Those that admire greens hidden in punchbowls, greens raised onto plateaux, blind drives, blind approaches, stirring topography and hard and fast surfaces need look no further than Bude and North Cornwall.
Tom Doak’s “quick reconnaissance failed to find any holes worth delaying our arrival at St Enodoc” proves that making an assessment based on a quick recce can overlook something that’s totally unique and at times thrilling.
The first five holes at Bude are nothing to write home about. The short dogleg left par four 3rd is not a bad hole with its elevated undulating greensite but that’s about it on this small triangle of linksland over the road on the western side of the clubhouse. The fun starts at the SI 1 6th.
A solid blind drive over the marker post will leave a mid iron approach across a valley to a narrow raised plateau green which is protected by two “hill” bunkers benched into the left-hand side. #6 would not look out of place at St Enodoc.
#7 is one of the quirkiest holes I’ve ever played (in a good way I might add), a short par four where finding the fairway is essential, but easier said than done as the ground is more rumpled than Sandwich or Rye. The approach shot to the raised green that’s sitting twenty or thirty feet above the fairway is scary, even with a short iron in hand. It too would grace St Enodoc. The photograph was taken from behind the 7th green looking back towards the town and the invisible fairway far below the plateau.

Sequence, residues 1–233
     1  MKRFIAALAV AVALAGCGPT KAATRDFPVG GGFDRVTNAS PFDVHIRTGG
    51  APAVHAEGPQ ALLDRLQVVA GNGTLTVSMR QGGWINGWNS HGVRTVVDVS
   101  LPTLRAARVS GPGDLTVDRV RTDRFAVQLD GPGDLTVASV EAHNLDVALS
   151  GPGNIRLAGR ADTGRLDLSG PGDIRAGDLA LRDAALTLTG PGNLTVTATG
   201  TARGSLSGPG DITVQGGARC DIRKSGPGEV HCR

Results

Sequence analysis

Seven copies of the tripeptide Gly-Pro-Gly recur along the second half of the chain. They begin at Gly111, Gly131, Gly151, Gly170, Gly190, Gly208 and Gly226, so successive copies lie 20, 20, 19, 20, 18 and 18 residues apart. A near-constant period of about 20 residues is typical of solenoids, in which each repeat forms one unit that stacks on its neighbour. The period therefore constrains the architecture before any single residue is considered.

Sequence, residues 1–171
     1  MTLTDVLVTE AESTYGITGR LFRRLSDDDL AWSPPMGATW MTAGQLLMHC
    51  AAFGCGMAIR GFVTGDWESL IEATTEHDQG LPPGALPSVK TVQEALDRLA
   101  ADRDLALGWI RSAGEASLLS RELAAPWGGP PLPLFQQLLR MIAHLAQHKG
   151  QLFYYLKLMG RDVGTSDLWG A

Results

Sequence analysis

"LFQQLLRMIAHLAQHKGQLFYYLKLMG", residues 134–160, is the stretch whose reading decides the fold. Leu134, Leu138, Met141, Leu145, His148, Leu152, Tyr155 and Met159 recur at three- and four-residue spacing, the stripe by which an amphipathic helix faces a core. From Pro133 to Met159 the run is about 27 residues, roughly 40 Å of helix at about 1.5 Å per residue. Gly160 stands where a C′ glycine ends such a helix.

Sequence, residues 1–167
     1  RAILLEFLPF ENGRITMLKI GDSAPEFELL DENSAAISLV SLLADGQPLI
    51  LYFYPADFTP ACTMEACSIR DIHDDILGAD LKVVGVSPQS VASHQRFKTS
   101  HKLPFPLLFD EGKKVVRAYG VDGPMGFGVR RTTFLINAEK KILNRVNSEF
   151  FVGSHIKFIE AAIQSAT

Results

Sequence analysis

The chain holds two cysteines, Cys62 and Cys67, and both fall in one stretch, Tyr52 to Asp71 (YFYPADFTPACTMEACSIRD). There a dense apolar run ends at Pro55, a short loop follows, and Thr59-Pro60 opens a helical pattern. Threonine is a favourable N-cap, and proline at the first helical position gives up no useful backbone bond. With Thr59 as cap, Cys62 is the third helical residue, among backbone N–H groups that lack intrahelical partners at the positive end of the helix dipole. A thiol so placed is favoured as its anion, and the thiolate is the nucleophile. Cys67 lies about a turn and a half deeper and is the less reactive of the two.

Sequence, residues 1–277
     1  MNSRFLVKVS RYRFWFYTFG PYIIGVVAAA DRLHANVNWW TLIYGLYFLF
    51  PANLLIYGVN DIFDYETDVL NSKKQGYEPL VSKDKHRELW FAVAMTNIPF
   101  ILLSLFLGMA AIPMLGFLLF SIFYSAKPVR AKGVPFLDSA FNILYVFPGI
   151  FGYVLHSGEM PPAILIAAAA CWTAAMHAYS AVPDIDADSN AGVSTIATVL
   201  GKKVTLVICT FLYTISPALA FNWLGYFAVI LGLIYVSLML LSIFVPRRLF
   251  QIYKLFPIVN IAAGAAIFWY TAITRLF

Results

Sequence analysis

The short par five 9th is half links (for the drive) and half parkland from thereon in and #10 is a nice par three that’s set in a wooded glade with the green half-ringed by a stream.
#11 takes you back directly to the links for a blind drive on this short par five and the short par four 12th features one of several punchbowl greens on the way home.
My playing partner was less than enamoured with Bude when we teed it up here last Saturday, but he wasn’t that keen on Royal St George’s either. Quirky courses such as Bude are not everyone’s cup of tea, especially the first time round when you’re not sure where to hit the ball. But I’m a huge fan of audacious lie of the land courses and I’d gladly be a member here if I lived closer – it ticks all my boxes.